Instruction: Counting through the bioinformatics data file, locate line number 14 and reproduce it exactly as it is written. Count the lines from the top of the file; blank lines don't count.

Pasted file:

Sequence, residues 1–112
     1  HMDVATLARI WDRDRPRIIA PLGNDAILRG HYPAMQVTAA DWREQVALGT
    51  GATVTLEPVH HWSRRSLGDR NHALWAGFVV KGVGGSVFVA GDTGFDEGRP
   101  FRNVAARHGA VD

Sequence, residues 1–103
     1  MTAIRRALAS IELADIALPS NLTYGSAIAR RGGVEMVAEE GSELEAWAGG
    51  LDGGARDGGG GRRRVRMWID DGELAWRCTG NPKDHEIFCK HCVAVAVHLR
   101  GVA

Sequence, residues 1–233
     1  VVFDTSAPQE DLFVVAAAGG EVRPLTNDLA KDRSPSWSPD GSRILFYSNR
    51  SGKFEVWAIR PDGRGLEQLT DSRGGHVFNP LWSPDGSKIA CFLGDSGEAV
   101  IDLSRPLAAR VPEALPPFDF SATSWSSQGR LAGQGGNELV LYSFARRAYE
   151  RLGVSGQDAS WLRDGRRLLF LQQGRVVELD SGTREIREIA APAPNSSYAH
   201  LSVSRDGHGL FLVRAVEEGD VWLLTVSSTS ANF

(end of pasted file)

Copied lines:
   201  LSVSRDGHGL FLVRAVEEGD VWLLTVSSTS ANF